People who suffer uncomfortable symptoms of lactose intolerance learn to avoid dairy products. There is no cure for lactose intolerance, but it can be managed to reduce the unpleasant symptoms. There are food strategies can help.
Food strategies to reduce symptoms of lactose intolerance:
- Reduce the amount of lactose per serving rather than avoiding it. Some studies show that people with lactose intolerance can eat at least 12 grams of lactose (equivalent to 1 cup of milk) with minor or no symptoms. Taken with other foods, some people can tolerate up to 18 grams.
- Think hard cheese. Hard cheeses, such as most cheddars, Parmigiano-Reggiano and Romano do not have lactose since their lactose is changed into lactic acid as the cheese ages.
- Check yogurts with active cultures. Yogurts with active cultures are much less likely to cause problems, but check the labels. Yogurts or any foods that list “added milk solids” or “whey” can contain significant amounts of lactose.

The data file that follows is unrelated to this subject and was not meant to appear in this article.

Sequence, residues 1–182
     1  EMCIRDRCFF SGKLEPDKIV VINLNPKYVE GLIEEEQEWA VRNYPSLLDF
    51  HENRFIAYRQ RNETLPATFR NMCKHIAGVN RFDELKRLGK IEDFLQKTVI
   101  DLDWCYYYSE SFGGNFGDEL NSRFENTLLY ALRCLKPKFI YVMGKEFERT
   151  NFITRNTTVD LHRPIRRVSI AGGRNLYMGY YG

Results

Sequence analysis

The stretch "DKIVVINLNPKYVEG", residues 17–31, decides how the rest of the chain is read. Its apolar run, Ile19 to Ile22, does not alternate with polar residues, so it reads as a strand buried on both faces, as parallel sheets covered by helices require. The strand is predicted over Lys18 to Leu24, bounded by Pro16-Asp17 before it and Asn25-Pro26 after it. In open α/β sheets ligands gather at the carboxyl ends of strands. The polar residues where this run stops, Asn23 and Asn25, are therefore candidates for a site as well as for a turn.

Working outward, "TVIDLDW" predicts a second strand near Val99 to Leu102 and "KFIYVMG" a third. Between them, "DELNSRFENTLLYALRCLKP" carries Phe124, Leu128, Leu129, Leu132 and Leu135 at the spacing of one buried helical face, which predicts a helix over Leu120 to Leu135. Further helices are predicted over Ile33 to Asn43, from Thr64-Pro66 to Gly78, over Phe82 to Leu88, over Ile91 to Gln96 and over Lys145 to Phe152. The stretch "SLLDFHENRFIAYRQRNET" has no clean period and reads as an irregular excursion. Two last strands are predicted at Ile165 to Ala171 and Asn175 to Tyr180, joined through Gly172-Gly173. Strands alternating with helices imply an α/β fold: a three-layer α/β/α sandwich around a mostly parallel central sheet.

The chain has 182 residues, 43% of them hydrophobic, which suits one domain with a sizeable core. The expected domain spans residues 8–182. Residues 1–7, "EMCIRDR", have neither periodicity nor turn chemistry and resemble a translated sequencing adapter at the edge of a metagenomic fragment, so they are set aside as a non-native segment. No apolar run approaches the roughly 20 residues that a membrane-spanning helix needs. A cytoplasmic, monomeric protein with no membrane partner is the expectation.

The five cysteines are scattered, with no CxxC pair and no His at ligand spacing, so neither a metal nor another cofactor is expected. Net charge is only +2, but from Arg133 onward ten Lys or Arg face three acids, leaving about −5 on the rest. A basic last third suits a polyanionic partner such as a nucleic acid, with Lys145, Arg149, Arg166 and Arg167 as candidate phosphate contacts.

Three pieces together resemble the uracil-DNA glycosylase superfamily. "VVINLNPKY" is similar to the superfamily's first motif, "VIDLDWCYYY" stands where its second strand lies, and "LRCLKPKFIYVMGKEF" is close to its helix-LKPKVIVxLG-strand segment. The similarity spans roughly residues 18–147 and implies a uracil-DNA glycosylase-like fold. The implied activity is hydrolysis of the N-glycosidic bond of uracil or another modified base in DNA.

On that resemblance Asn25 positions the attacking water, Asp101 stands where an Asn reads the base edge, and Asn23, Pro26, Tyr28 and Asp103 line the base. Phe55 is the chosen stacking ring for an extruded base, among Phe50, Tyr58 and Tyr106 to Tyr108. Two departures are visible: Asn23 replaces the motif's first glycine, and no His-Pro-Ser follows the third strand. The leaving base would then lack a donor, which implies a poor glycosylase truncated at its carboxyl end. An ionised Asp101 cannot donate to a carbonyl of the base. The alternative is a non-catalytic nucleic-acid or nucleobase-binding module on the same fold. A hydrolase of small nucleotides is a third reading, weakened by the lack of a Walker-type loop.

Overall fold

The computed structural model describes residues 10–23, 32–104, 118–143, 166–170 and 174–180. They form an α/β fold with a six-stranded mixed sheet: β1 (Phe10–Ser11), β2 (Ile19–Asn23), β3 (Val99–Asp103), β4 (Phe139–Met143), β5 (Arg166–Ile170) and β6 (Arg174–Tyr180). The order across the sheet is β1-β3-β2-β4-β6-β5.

- Try plant-based milks. Soy, rice, and almond and other nut milks are completely lactose-free, and can be both a good source of calcium (if they are supplemented with calcium) and these can be a healthy choice for people trying to reduce cholesterol.
- Mix high-lactose foods with non-lactose foods. By combining non-lactose foods with dairy, the lactose-rich food may pass more slowly through the intestines and have a better chance to be digested properly.
- Build up intestinal tolerance. Although the lactase enzyme is not increased by the amount of lactose consumed, some studies show that regular consumption of lactose may increase tolerability in both adults and kids.
- Shop for lactose-free milk. Milk that has been treated with lactase is widely available and often well tolerated by people with lactose intolerance. Unfortunately, such products are more costly than untreated milk.
A recent study published by The American Journal of Clinical Nutrition found that individuals with self-perceived lactose intolerance may not be getting sufficient calcium in their diet making them more likely to be diagnosed with diabetes and high blood pressure.